Also pushing out the timetable on Windows 8 is the availability of new Intel chipsets that will help this fledgling OS make more sense on the mobile devices it was designed for. Microsoft notes that Intel’s fourth-generation Core processor, code-named Haswell, will help enable new devices that combine performance benefits with power savings, and will be shipping in volume by mid-2013. And later this year, a new generation of devices based on Intel’s Bay Trail Atom processors will drive prices down for low-end touch devices. Today, the cheapest touch devices are in the $500 range. Intel would like to see them sell for as low as $200.
Windows will transition to “a new era of mobile computing,” as Microsoft puts it, but that transition will take time, and Windows 8 will get better as we move forward. You should ride this one out.
Despite its name, the Online Services division won’t affect most businesses directly. This is Microsoft’s Bing business and online advertising efforts, not its online services such as Office 365 or Azure.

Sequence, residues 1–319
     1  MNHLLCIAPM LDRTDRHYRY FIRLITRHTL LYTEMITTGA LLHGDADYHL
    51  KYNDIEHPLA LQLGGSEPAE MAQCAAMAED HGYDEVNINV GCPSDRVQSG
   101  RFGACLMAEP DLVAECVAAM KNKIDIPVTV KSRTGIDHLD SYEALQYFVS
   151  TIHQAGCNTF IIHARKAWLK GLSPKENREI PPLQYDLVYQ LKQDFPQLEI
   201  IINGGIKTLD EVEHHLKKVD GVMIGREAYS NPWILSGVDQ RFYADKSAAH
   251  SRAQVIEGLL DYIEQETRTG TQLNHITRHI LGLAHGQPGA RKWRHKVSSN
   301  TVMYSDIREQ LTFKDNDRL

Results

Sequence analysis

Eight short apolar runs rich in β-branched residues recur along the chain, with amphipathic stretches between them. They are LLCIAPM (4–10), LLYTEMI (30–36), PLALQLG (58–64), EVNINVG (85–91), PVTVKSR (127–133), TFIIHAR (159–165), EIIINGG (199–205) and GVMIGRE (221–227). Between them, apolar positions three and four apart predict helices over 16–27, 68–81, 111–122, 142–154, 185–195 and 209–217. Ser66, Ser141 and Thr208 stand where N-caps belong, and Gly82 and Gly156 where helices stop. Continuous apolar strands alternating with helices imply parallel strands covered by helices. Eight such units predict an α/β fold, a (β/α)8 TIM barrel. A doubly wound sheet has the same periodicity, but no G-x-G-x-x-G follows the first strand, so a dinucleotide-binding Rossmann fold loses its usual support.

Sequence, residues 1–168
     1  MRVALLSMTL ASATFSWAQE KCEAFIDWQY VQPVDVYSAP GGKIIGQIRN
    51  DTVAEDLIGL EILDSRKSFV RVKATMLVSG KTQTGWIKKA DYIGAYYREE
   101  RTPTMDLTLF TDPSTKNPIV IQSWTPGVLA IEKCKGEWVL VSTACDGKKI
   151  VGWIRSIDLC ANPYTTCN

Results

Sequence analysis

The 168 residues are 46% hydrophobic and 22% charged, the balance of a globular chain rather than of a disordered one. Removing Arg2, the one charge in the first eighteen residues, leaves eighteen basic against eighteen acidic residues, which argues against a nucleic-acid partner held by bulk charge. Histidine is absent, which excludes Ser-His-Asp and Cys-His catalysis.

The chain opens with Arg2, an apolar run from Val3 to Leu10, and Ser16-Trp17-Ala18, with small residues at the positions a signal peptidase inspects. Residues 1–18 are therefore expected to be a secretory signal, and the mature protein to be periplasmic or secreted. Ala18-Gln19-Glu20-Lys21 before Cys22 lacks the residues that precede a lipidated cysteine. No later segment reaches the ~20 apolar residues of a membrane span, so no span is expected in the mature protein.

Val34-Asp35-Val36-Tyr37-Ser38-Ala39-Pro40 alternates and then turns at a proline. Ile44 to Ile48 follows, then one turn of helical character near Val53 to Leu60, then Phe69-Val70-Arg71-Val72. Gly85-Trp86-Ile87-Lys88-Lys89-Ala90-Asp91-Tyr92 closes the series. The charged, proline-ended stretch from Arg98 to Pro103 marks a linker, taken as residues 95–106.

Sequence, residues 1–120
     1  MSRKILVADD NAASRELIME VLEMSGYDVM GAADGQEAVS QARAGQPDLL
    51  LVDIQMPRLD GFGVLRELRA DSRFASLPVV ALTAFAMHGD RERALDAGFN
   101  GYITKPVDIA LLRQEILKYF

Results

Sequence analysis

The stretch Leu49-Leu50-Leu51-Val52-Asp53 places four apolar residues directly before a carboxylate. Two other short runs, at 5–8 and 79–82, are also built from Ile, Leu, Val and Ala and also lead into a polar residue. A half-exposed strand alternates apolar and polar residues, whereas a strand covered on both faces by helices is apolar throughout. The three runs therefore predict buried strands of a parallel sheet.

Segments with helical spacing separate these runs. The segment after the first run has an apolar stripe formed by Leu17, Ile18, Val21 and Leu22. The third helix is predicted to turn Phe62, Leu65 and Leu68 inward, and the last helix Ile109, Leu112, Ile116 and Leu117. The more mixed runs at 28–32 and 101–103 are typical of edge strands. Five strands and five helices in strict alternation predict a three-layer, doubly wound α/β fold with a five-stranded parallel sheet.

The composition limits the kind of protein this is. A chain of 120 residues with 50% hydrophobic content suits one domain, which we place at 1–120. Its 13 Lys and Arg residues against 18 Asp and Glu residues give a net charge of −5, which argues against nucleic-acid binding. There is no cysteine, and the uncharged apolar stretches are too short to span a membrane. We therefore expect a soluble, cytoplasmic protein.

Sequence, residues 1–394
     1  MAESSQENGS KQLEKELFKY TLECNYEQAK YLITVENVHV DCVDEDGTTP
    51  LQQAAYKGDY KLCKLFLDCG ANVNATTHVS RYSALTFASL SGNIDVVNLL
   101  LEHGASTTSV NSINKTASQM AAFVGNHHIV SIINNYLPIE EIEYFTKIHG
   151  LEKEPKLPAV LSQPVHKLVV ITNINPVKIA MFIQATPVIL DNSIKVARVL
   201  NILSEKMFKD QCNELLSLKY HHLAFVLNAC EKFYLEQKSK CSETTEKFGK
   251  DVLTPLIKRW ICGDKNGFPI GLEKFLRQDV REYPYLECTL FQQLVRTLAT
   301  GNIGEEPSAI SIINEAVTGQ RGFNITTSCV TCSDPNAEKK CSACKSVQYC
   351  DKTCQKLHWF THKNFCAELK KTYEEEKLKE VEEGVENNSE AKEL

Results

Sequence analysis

Xbox and Windows Phone
Microsoft’s Entertainment and Devices division is responsible for a curiously diverse range of products, which can be simplified down to “Xbox and then everything else.” Microsoft’s struggling Windows Phone platform falls under this division. However, Microsoft has nothing but vague pronouncements on this front.
“Momentum with Windows Phone continues to build,” Microsoft general manager Chris Suh said. “The devices, now available at a broad range of price points, are receiving great reviews, and carrier support continues to grow. We now have over 10 percent share in several countries, but realize that there is still a lot of work ahead to break through in some key markets. With growing awareness of Windows Phone, and sustained innovation from our hardware partners, we feel well positioned to continue our momentum.”
The double appearance of the word momentum in that quote should trouble you: Windows Phone has roughly 4 percent market share worldwide and is utterly crushed by Android (particularly Samsung) and Apple iPhone in all of the markets that matter.
That said, those who have made big bets on Microsoft platforms across the board would do well to consider Windows Phone.
No other smartphone platform offers the same level of integration with Microsoft’s enterprise-oriented technologies, including a fairly fullpowered mobile Office suite (with an especially good version of OneNote), full support for Exchange ActiveSync policies, support for BitLocker, Information Rights Management (IRM), and more.
This is one area where I feel businesses aren’t moving quickly enough. If you’re using the Microsoft stack at all, Windows Phone needs to be on your radar.